This review contains spoilers.
4. Cripples, Bastards And Broken Things
The great thing about this show is the detail. Not only is every aspect of the production given minute care and attention, but it comes through even in the show’s opening titles, which change each week to show where our characters will be, in proportion to each other.
This week, some of the action takes place in the new location of Vaes Dothrak, the Dothraki capital, and as such, the opening titles feature a new city erupting from the landscape. It’s little details like this that make this author a happy fanboy. Anyway, on with the review.
Cripples, Bastards And Broken Things focuses on arguably the most interesting characters and aspects of the show: Tyrion, Jon Snow, The Night’s Watch and life at The Wall.
The Night’s Watch has a new recruit in the form of Samwell Tarly, a soft young man who’s been forced into the order by his father as an alternative to death. As a coward and a weakling, Sam’s father deemed him unworthy to be his heir and threatened to kill him unless he ‘took the Black’, so now he finds himself among criminals, rapists, former knights and Jon Snow. Unsurprisingly, the other recruits are quick to pick on the dim-witted young man, but after an intervention of Snow’s part (with the help of Ghost, who finally makes a return appearance), it isn’t long before Samwell starts to make friends and open up about his messed up family.
On the subject of sons who disappoint their fathers, Tyrion has returned to Winterfell to check up on the crippled Bran at the behest of his stepbrother. Bran is now being carried around by the large but simple-minded Hodor (“Hodor!”), but Tyrion, who knows his family is responsible, provides the plans for a saddle that may enable the young Stark to ride horses again. Untrusted by the rest of Winterfell, Tyrion opts to stay at a local whorehouse, but not before trading words with a character who has, up till now, remained in the background: Theon Greyjoy (played by Alfie Allen, son of Keith, brother of Lily).
Theon is not a son of Ned Stark, but is instead his ward. He was taken as a hostage ten years ago and is the son of Balon Greyjoy, a lord of the Iron Islands, who tried to seek independence many years ago. Instead of treating Theon like a prisoner, Ned has raised him like a son, and it is not surprising that many viewers may have confused the young man as another Stark. Unfortunately, despite being raised well, there’s still some resentment in Theon, and Tyrion is quick to spot that, chiding him for his dual identity as a hostage and banner man of the Starks. Again, he’s seemly another character in Westeros full of resentment at his father (or father figure), and struggling to make his own impact on the world.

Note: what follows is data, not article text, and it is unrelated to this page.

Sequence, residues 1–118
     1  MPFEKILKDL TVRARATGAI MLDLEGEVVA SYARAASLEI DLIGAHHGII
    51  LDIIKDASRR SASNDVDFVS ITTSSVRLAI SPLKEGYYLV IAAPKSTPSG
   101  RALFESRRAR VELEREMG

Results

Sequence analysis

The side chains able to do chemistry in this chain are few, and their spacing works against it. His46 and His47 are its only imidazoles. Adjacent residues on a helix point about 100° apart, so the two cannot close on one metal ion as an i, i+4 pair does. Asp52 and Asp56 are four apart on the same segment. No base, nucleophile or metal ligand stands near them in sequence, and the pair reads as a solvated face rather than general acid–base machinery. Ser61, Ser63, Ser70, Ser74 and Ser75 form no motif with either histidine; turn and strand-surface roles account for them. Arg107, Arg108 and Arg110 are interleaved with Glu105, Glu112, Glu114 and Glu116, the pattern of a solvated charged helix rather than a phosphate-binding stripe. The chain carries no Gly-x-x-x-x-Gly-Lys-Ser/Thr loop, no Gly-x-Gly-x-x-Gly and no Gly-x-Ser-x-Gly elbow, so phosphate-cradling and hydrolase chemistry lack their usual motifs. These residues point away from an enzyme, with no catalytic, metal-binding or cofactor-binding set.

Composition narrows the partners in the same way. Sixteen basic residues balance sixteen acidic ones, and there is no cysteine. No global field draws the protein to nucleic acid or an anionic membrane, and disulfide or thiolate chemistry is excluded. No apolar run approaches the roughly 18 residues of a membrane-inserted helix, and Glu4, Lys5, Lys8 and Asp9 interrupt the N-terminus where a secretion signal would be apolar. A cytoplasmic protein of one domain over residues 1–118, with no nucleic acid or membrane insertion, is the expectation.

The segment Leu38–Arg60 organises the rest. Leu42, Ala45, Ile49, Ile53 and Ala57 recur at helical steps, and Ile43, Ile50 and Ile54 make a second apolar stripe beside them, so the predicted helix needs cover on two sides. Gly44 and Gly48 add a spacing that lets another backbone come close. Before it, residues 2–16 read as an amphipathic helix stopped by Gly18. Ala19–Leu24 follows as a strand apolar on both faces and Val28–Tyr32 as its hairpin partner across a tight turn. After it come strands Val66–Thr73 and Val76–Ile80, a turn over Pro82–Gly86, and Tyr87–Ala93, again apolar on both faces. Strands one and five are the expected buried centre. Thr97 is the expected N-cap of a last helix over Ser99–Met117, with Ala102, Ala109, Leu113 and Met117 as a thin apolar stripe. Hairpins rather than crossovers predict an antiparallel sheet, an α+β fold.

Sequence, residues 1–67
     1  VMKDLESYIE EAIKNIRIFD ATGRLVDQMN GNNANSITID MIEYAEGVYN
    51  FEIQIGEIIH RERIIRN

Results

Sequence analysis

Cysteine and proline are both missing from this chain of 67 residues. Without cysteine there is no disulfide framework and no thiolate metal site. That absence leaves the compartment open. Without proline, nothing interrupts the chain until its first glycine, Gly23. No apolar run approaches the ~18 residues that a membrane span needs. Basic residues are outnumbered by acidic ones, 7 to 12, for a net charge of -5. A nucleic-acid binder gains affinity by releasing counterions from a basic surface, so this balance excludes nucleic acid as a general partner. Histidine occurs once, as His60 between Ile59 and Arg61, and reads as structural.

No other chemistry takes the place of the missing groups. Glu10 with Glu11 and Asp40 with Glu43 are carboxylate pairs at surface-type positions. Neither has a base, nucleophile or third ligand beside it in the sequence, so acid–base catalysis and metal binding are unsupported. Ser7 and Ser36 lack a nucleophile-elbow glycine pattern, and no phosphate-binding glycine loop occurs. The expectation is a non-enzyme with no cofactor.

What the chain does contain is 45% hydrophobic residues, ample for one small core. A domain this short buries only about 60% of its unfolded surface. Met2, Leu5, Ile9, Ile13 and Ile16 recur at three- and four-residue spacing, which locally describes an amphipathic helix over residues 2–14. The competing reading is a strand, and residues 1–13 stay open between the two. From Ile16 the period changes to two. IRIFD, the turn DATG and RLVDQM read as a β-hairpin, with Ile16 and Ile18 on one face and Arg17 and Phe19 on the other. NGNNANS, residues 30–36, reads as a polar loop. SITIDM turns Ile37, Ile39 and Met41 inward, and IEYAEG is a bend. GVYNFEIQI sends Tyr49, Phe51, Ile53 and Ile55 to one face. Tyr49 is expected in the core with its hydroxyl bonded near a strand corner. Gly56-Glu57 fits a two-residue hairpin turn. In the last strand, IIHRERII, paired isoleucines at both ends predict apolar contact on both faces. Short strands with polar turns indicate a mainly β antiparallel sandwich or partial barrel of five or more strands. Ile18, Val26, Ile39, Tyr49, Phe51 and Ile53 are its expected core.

Meanwhile, father figures are at the forefront of Ned Stark’s mind as he begins to put together why Jon Arryn, the former hand, may have been killed. It seems that King Robert had a bastard son. Considering a bastard son may jeopardise the offspring of Cersei Lannister, Ned’s suspicions are compounded when he’s confronted in his quarters by the queen, who underlines her threats that anyone who’s not her family is regarded as an enemy. When you see her scenes with the young Joffrey, her love towards him is clear, but considering her close relationship with her brother, you get the impression it’s a mere few steps from being a full-blown Oedipus complex.
As Ned attempts to discover the truth, a tournament, or tourney, goes forward to honour the king’s new hand. Unfortunately, a potential witness to Robert’s bastard’s identity comes to a tragic end.
It’s during scenes such as the tournament that the writers manage to try and cram in as much backstory to the characters as possible. One neat little scene sees Littlefinger educate Sansa in the history of some of the realm’s more brutal characters, such as Sandor Clegane, aka The Hound.
Another ‘broken thing’ in the land of Westeros, The Hound is a hired thug who sports some disfiguring burns courtesy of his brother, Gregor Clegane, aka The Mountain. (These guys have some great nicknames!) Ar similar scene has Viserys (Harry Lloyd) educate Daenerys’ bedmaid about his family’s history, his claim to the iron throne and the importance of dragons. It’is a wonderful example of concise and succinct screenwriting.
In such a crammed episode, it’s amazing how many other little side character moments the writers manage to fit in: Arya practising her swordplay while informing her father that the future he envisions for her isn’t the one she wants, Sansa’s longing to become a queen, and Daenerys’ clash with Viserys over who truly holds the power in the family.
Meanwhile, the end of episode shows that Tyrion’s days of mocking those around him may have come to head, as Catelyn rallies banner men and bar patrons to her cause to arrest the Lannister she believes is responsible for the attempted murder of her son.